Objectives: To compare the effects of a 30-minute standardized submaximal exercise test on the urinary excretion of the metabolites of prostacyclin and thromboxane A2 in healthy pregnant and nonpregnant women.
Methods: Time-fixed urine samples were collected before, during, and after the exercise test from nine pregnant and six nonpregnant women, and the samples were assayed for 6-keto-prostaglandin (PG) F1[alpha]. and 2,3-dinor-6-keto-PGF1[alpha], (prostacyclin metabolites), as well as for thromboxane B2 and 2,3-dinor-thromboxane B2 (thromboxane A2 metabolites) by high-pressure liquid chromatography and radioimmunoassay.
Results: Pregnancy itself was associated with a 3.6-4.3fold rise in prostacyclin excretion, but with no significant change in thromboxane output. The exercise caused stimulation in both prostacyclin and thromboxane excretion. In response to exercise, the maximal rise in 6-keto-PGF1. output was significantly larger among the pregnant subjects, but when compared with its pre-exercise excretion on a relative percentage scale, the range of rise in 6-keto-PGF1, output (58-73%) was comparable in pregnant and nonpregnant subjects. Furthermore, excretion of 2,3-dinor-6-ketoPGF1, rose similarly in the two study groups (68-166%) in response to exercise. The exercise caused a 2.3-fold rise in the output of thromboxane B2 excretion in both pregnant and nonpregnant women, but it stimulated (by a twofold rise) the excretion of 2,3-dinor-thromboxane B2 only in pregnant women.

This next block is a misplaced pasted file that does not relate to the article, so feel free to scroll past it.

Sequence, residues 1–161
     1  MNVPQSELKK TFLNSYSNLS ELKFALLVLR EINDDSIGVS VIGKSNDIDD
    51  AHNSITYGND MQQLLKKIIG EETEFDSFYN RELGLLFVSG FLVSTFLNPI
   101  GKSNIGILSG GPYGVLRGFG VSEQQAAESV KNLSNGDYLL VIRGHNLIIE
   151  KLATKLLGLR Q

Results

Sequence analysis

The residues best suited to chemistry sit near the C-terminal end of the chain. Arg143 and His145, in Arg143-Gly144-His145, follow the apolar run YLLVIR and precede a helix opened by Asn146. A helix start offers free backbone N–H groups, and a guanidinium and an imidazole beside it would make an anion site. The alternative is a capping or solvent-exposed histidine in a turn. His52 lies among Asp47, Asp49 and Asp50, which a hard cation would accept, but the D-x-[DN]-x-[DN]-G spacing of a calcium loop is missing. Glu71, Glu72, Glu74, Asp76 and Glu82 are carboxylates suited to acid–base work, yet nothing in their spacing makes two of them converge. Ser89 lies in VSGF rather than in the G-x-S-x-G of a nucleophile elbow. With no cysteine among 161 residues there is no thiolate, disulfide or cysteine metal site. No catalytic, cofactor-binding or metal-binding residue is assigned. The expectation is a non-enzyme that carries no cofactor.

Conclusion: Physical activity may stimulate vasoactive prostacyclin and thromboxane excretion during pregnancy. Such changes may play a role in the regulation of blood flow during exercise.
(C) 1995 The American College of Obstetricians and Gynecologists